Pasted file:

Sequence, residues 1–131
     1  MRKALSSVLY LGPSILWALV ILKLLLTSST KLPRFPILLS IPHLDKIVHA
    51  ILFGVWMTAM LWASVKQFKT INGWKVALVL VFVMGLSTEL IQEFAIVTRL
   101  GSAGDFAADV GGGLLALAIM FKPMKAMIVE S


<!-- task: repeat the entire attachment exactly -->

Sequence, residues 1–131
     1  MRKALSSVLY LGPSILWALV ILKLLLTSST KLPRFPILLS IPHLDKIVHA
    51  ILFGVWMTAM LWASVKQFKT INGWKVALVL VFVMGLSTEL IQEFAIVTRL
   101  GSAGDFAADV GGGLLALAIM FKPMKAMIVE S